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The Business Case for Building an Audience for Your Brand

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In the marketing automation space, there’s an interesting case study that puts into perspective the age-old dispute between marketers who prioritize reach and those who prioritize resonance.

Two of the biggest players in the lower and middle tiers of the marketing automation industry, HubSpot and Mailchimp, have been competing to win over as many small to medium-sized businesses as possible. HubSpot currently boasts four times as many social media followers and attracts almost double the amount of organic traffic than Mailchimp does, so one might assume HubSpot also generates more revenue and profit.

The reality, however, is that Mailchimp has overtaken HubSpot in both financial categories. In 2018, HubSpot saw $513 million in revenue while Mailchimp earned $600 million. Moreover, while HubSpot has yet to turn a profit, Mailchimp has been profitable for its entire existence. Now, that’s not to dismiss HubSpot’s huge success in any way — it just brings up an interesting question. Do more views and more leads actually result in more revenue? Not necessarily.

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If you dig a little deeper and think critically about Mailchimp’s relentless focus on audience building (which has resulted in the creation of Mailchimp Presents, a network of original content) and HubSpot’s concentration on reach, Mailchimp’s ability to generate more revenue and profit with significantly less reach than HubSpot starts to make sense.

In most marketing dashboards, reach and revenue tend to trend in the same direction. More often than not, marketing teams will notice this relationship and assume that revenue will increase when reaching as many people as possible.

However, research shows that your audience’s sentiment toward your brand is what ultimately leads to more revenue. So, contrary to popular belief, while an increase in reach can influence revenue growth, it’s not the sole driver of it — that driver is actually emotional resonance.

“Contrary to popular belief, while an increase in reach can influence revenue growth, it’s not the sole driver of it — that driver is actually emotional resonance.”

Unfortunately, most brands run with this flawed logic and adjust their marketing strategies accordingly. This misaligns their incentives, pressuring them to crank out a ton of content to generate views and leads rather than crafting content that their audience actually enjoys.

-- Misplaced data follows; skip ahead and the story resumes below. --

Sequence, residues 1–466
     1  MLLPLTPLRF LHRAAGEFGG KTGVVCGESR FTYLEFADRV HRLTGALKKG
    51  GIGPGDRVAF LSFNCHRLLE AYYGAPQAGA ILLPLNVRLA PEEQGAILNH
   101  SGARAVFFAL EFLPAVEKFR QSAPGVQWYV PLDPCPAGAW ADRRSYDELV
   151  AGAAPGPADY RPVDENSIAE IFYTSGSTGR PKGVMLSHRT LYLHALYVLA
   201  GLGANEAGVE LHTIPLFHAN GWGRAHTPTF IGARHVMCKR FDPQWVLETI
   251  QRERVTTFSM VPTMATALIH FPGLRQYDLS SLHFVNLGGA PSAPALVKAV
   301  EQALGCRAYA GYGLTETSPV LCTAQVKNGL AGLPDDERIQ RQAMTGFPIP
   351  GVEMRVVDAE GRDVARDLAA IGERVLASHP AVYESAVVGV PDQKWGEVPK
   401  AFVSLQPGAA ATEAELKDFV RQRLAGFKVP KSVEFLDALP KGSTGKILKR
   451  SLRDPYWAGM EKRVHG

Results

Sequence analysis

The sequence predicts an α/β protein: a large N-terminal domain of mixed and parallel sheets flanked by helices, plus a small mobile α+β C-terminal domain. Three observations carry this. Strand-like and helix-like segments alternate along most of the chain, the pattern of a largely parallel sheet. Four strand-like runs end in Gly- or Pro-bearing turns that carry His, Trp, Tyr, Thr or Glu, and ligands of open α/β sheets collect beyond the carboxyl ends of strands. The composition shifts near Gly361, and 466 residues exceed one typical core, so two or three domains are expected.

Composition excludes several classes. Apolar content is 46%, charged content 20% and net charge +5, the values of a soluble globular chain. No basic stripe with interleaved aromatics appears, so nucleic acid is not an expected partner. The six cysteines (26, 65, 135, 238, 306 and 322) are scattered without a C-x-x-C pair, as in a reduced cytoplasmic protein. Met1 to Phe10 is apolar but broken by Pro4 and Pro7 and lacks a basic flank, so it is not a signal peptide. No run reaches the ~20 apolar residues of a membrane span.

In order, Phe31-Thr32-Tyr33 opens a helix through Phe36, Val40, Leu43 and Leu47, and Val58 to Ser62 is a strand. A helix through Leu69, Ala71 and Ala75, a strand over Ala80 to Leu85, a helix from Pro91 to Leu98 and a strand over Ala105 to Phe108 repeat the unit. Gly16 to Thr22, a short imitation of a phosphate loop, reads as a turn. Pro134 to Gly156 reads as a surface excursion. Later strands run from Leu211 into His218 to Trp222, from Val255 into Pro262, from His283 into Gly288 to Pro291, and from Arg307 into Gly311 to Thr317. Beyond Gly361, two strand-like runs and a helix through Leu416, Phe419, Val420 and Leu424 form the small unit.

Solely focusing on reach can generate a huge amount of impressions, but the vast majority of these people won’t enter the brand’s funnel because the content is too self-serving. And most of the people who do enter their funnel will churn more rapidly because they’ll quickly lose interest in the content. As a result, these brands will generate a disproportionate amount of leads and opportunities for their sales team to close.

Creating content that is truly valuable and resonates with viewers’ core beliefs and identities gives businesses the opportunity to build loyal audiences and keep them coming back for more. Of course, we’re talking about creating binge-worthy content here — entertaining content that is so good consumers can’t help but want to watch, listen, or read a lot of it in one sitting.

Want to learn more about what binge-worthy content is all about and how your business can start creating it? Check out our new four-step Brand Affinity Marketing playbook.

As we mentioned before, Mailchimp has been investing in creating this type of content for some time now. They’ve been focusing on building resonance over reach by creating content that attracts specific types of viewers well before they may ever become a Mailchimp customer.

Our CEO and co-founder Chris Savage sat down with Mark DiCristina, their Head of Brand, on our talk show, Brandwagon, to get the inside scoop on how creating binge-worthy content has helped them build audiences, and ultimately, do more with their content by focusing less on reach.

“Mailchimp Presents is an entertainment platform entrepreneurs. Mailchimp’s mission has always been about empowering small businesses and helping them succeed and grow. We’ve always done that with software, but over the last couple of years, we began to feel like there are other ways that we can do that. We can make content that inspires them and motivates them and makes them feel like they’re not alone.”